Seabird tracking in the Southern Ocean
Degree GrantorUniversity of Canterbury
Degree LevelPostgraduate Certificate
Degree NamePostgraduate Certificate in Antarctic Studies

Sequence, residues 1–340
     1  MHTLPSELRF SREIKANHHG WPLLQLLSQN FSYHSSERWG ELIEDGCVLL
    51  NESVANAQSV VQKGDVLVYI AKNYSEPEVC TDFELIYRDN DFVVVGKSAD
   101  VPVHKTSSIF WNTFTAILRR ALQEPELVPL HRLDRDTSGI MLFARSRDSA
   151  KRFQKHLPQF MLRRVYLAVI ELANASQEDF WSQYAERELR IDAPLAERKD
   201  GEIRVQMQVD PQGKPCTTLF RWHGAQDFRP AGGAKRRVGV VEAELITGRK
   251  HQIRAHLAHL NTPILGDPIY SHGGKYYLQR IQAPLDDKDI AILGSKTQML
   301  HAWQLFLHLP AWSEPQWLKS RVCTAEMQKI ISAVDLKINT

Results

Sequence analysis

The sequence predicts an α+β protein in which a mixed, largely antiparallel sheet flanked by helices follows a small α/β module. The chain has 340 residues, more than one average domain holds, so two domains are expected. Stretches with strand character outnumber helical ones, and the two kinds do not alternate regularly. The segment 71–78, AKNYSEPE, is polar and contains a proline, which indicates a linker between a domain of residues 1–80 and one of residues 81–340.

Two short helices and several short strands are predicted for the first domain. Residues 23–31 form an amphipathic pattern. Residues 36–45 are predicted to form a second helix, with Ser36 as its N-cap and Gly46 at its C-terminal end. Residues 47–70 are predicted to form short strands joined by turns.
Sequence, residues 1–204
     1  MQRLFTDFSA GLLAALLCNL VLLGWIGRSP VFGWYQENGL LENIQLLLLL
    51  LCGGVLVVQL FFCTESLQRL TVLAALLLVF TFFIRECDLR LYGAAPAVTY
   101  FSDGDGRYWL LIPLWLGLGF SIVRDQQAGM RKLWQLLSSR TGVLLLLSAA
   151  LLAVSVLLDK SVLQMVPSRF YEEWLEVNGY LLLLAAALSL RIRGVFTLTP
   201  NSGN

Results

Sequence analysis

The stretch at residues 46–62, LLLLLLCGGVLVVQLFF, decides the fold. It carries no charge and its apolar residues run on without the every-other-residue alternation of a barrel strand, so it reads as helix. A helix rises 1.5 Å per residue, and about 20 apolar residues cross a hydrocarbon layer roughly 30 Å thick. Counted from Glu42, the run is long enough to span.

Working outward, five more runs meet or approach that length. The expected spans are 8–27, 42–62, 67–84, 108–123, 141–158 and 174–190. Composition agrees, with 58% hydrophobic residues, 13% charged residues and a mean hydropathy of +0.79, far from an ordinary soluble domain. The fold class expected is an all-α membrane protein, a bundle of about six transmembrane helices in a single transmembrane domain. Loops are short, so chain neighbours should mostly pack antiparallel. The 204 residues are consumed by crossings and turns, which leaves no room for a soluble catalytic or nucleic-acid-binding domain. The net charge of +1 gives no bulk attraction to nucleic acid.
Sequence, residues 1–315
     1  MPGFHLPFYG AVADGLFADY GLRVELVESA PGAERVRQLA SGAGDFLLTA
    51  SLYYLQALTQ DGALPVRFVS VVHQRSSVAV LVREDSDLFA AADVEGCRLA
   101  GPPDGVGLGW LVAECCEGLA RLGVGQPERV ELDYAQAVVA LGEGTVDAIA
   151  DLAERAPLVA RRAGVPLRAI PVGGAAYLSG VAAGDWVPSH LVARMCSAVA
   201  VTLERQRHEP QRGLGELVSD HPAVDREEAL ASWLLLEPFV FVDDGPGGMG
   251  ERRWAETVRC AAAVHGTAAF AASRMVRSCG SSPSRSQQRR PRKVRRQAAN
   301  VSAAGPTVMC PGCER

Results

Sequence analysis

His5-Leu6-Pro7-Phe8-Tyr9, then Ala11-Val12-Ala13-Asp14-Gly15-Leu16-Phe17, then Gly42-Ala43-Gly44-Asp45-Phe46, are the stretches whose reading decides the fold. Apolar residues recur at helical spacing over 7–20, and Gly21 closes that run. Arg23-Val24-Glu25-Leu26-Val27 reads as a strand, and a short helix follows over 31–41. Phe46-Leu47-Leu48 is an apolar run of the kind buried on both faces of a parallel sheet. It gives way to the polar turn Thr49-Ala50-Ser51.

Terrestrial animals have a long history of being studied although have only relatively recently begun to detail due to the challenges involved in studying them. Compared to other marine species seabirds are relatively easy to study and are potentially sensitive to changes in the marine environment. As a result of this they are often used as bio-indicators. In the Southern Ocean a number of different devices created by a number of different manufacturers are used, with each type having advantages and disadvantages. When selecting a device to undertake a study it is therefore necessary to consider the biological question being asked, the size of the study species and the budget of the research. The data which is collected in these studies can be used for both conservation and fisheries management purposes and has been used so by the Commission for the Conservation of Antarctic Marine Living Resources. However, there are a number of ethical considerations to be taken into consideration, including the weight of the device and potential impacts upon breeding success. Tracking and monitoring technologies are continually being improved, allowing for increasingly complex biological questions to be answered, which allows for a greater understanding of the ecology of seabirds.